Five years ago IDDP engineers tried this for the first time in hopes of cultivating an exportable energy technology to help stoke Iceland's flagging economy. An accident triggered a discovery they have been pursuing ever since. While drilling at IDDP-1 deep inside a volcano called Krafla in northeast Iceland, they reached about 2 km (6,500 ft) before they unexpectedly struck magma intruding into the Earth's upper crust from below, at searing temperatures over 1,600 Fahrenheit. The superheated steam set a world record. The IDDP had punched straight through into the bowels of a volcano.
"We discovered that we had developed the hottest wellhead in the world," said Dr. Wilfred Elders, an emeritus professor of geology at the University of California, Riverside, and co-chief scientist for the IDDP. Landsvirkjun, Iceland's national power company and the owner of the well, had no idea what to do with superheated magma bubbling up the well pipe at temperatures upward of 1,600 degrees Fahrenheit. "At that point, we could have abandoned the well," Elders said. "We knew we had this very high energy heat source, but we didn't know how to deal with the temperatures and pressures."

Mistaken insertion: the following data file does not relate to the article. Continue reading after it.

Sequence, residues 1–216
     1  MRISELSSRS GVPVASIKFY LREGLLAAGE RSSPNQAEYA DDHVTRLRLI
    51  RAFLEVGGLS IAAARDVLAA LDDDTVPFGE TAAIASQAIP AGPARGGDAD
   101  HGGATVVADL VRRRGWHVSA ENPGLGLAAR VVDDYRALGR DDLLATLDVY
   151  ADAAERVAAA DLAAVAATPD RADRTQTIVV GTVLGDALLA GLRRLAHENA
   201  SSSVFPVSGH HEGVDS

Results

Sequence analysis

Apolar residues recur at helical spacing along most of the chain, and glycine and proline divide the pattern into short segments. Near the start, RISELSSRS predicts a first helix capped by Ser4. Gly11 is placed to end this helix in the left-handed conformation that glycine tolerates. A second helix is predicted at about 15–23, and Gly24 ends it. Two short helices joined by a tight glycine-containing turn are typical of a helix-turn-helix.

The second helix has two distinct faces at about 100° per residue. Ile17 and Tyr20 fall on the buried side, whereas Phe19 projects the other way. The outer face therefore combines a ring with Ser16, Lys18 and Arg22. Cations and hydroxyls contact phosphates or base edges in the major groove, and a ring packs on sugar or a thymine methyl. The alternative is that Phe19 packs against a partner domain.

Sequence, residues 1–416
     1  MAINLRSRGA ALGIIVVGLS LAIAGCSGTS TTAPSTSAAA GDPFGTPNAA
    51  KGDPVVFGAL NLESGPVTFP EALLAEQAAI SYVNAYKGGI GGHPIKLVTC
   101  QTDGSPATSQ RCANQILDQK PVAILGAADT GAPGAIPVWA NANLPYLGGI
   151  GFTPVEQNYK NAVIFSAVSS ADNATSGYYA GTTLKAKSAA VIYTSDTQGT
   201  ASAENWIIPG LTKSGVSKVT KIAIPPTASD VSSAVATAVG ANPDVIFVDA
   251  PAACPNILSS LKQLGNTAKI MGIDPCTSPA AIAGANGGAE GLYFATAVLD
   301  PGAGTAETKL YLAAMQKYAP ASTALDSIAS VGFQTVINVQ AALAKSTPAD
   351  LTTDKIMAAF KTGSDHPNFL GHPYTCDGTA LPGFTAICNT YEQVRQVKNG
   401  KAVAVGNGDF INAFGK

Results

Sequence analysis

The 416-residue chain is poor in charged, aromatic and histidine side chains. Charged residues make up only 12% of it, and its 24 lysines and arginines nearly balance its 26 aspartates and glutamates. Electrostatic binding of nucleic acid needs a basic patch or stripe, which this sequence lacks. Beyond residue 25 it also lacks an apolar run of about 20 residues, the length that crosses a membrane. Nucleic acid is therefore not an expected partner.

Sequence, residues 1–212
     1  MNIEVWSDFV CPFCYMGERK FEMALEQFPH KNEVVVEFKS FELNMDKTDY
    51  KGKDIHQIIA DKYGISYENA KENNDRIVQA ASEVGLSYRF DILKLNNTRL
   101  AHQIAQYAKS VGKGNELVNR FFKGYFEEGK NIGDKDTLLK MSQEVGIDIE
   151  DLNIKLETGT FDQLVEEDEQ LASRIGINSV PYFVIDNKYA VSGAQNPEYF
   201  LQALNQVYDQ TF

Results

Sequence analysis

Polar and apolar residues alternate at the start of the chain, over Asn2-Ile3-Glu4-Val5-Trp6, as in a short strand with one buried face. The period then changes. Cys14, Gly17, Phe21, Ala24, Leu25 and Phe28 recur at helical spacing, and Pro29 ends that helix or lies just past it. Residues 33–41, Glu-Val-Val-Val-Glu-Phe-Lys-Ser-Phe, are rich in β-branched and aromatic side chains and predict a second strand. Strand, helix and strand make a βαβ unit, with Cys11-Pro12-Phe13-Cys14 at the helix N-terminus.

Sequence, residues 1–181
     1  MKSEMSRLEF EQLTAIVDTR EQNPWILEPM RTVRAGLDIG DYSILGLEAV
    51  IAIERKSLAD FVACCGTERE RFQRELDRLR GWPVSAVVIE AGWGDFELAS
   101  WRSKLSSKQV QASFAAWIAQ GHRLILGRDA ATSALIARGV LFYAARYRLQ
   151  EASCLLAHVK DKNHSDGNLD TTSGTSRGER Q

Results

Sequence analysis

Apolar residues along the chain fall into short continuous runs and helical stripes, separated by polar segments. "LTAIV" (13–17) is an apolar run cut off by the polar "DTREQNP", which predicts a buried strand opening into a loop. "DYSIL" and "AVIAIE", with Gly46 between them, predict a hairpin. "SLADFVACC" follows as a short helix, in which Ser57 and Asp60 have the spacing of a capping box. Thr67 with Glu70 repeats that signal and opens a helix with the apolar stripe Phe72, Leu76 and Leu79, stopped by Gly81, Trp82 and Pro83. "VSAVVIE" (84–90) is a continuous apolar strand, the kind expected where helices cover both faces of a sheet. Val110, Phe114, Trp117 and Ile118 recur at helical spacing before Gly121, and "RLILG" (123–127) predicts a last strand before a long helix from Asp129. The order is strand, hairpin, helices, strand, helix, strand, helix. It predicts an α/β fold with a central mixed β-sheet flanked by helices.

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Instead, Landsvirkjun pushed ahead with well construction, inserting a special steel casing into the well and leaving a perforated section at the bottom closest to the magma. Heat was allowed to slowly build in the borehole, and eventually superheated steam flowed up through the well for the next two years. During that time, it provided more than half of the Krafla plant's 60-megawatt output. It wasn't until a valve failed that Landsvirkjun was finally forced to seal the well by pumping in cold water.